Are you concerned that you or someone you care about is in a dating relationship that is unhealthy or dangerous? Although we often think of the teen years as “sweet” or “fun” or “without worries,” the truth is teens can be suffering abuse within their relationships as well. Dating violence can be physical, emotional or sexual. Dating abuse can occur between any two teens in an intimate relationship.

Lots of times, teens do not even realize that their relationship is abusive. So here are a few guidelines:

Any kind of violence is abuse! If your partner punches, pinches, hits, shoves, slaps, kicks, bites or burns you (or causes you physical harm in any other way)—you are experiencing abusive violence.

If your partner is calling you nasty names or shaming you—you’re being emotionally or verbally abused.

If your partner is embarrassing or humiliating you publicly or in private—you are being abused.

If your partner is bullying you, you are being abused.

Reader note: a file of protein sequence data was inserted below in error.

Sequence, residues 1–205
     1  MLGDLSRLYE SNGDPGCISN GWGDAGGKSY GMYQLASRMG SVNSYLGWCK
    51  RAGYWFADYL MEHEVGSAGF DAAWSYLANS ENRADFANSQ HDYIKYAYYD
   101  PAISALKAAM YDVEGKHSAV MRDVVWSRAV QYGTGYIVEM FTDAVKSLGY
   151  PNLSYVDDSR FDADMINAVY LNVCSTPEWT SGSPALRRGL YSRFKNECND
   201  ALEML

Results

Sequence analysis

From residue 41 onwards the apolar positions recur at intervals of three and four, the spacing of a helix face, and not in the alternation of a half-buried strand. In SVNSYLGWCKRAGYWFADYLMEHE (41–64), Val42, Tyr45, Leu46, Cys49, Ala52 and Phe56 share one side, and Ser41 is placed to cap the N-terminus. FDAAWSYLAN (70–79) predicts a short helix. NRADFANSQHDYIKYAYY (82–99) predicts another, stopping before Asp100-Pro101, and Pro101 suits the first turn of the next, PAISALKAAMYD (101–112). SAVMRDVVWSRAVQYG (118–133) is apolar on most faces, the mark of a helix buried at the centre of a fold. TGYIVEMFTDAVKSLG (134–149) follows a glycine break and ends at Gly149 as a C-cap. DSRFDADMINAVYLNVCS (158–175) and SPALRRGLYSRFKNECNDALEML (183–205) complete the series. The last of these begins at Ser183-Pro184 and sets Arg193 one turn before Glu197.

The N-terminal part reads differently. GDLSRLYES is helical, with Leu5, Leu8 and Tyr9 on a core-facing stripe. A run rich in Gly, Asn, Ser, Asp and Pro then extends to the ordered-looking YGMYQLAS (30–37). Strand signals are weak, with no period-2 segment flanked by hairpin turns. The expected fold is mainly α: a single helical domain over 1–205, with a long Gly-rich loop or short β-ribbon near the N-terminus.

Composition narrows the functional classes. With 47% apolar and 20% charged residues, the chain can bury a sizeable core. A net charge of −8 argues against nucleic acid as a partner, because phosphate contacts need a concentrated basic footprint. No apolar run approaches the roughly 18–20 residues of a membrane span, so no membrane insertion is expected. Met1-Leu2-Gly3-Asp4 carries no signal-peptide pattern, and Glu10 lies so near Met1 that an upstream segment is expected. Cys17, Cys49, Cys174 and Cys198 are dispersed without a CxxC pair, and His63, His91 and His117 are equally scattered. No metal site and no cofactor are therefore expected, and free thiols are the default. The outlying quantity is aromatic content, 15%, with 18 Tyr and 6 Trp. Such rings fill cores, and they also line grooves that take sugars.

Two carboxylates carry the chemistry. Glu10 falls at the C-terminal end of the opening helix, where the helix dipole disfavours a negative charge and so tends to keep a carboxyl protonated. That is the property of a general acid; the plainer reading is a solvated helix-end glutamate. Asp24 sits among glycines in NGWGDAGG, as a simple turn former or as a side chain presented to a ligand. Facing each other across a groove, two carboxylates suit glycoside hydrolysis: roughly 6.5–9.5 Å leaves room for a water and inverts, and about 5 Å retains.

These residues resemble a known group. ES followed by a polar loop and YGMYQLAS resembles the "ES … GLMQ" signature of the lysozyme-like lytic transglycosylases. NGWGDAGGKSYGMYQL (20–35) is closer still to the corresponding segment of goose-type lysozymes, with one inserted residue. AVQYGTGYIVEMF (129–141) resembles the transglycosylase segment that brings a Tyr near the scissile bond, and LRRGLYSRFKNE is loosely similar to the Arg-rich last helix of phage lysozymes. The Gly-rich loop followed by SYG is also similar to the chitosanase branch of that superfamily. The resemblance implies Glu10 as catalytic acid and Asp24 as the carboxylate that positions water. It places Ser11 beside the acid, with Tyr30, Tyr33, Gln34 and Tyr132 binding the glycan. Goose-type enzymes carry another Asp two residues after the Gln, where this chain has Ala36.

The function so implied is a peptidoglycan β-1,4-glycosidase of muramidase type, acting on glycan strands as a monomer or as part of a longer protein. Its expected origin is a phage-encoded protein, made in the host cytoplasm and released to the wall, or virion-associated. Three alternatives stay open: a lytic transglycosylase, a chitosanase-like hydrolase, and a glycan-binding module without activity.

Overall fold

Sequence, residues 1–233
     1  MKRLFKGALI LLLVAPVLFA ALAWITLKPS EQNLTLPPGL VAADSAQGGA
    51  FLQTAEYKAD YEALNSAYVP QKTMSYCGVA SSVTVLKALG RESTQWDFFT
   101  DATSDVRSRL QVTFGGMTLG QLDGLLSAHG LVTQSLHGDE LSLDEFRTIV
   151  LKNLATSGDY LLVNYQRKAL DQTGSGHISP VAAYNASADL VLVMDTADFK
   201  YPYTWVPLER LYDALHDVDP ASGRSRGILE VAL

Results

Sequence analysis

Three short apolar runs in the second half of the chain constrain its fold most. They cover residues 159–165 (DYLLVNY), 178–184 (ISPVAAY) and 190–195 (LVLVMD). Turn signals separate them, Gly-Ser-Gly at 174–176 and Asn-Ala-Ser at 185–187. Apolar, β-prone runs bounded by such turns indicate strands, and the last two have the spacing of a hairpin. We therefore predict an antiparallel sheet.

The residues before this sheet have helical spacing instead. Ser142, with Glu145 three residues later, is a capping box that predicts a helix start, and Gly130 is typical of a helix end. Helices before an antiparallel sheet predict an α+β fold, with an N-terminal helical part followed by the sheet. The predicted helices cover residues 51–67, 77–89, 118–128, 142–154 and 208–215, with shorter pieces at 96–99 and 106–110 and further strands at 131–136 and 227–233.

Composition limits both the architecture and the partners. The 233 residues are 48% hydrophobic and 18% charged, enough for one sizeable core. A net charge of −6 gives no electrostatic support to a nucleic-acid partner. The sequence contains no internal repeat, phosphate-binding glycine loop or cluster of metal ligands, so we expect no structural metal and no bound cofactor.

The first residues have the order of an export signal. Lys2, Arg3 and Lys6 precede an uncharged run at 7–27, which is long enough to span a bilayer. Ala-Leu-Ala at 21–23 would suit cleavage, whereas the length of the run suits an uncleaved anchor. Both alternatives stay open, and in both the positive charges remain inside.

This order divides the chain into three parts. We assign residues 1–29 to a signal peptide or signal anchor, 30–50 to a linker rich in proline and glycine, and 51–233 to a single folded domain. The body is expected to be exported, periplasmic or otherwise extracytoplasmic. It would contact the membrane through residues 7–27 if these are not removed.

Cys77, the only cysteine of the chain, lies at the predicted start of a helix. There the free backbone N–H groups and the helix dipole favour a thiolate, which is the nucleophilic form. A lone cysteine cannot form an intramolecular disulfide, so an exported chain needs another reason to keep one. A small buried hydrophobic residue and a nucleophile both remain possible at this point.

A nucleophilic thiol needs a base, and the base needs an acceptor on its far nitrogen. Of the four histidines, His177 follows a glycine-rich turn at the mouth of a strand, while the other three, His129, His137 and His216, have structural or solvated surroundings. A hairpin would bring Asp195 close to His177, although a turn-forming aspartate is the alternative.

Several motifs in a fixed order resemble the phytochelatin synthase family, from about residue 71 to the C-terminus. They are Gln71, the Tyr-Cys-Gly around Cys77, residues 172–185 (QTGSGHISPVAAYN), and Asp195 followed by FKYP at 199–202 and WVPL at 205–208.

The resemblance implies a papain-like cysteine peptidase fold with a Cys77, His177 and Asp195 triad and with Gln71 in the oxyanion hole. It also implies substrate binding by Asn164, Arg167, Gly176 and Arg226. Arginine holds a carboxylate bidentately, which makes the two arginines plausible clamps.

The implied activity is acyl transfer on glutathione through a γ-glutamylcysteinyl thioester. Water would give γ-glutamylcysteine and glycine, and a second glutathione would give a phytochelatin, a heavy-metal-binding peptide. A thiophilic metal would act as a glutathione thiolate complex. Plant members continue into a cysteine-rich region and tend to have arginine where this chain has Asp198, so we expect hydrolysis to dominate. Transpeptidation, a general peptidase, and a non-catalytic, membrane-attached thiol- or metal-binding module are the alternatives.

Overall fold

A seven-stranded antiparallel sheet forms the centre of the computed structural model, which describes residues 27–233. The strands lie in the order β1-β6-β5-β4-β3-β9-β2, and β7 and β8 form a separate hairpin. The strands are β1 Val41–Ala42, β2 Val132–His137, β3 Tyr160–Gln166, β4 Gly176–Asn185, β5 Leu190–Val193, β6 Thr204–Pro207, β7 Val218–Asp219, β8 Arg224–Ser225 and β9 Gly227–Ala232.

If your partner is isolating you from your friends and family, you are being abused.

If your partner forces you to have any kind of sex when you don’t want to—it’s abuse.

If your partner threatens to spread nasty rumors about you if you don’t have sex with him/her—you are being abused.

If you are being stalked by a partner or former partner, you should take this seriously and consider it a form of abuse.

If you are a victim of teen dating abuse, start by talking to a trusted adult. Talk with a parent or adult relative, a school counselor or teacher. Ask for help! The abuse is not your fault! You are not alone! You need to get help because this kind of abuse can lead to great physical harm or even death. Abuse can lead to anxiety, drug and alcohol abuse, or thoughts of suicide.

You deserve to be in a healthy relationship.

If you think a teen you know is in immediate danger, call 911!

If you are 18 or over and in an abusive dating relationship, call Esperanza at:

505-473-5200 or 800-473-5220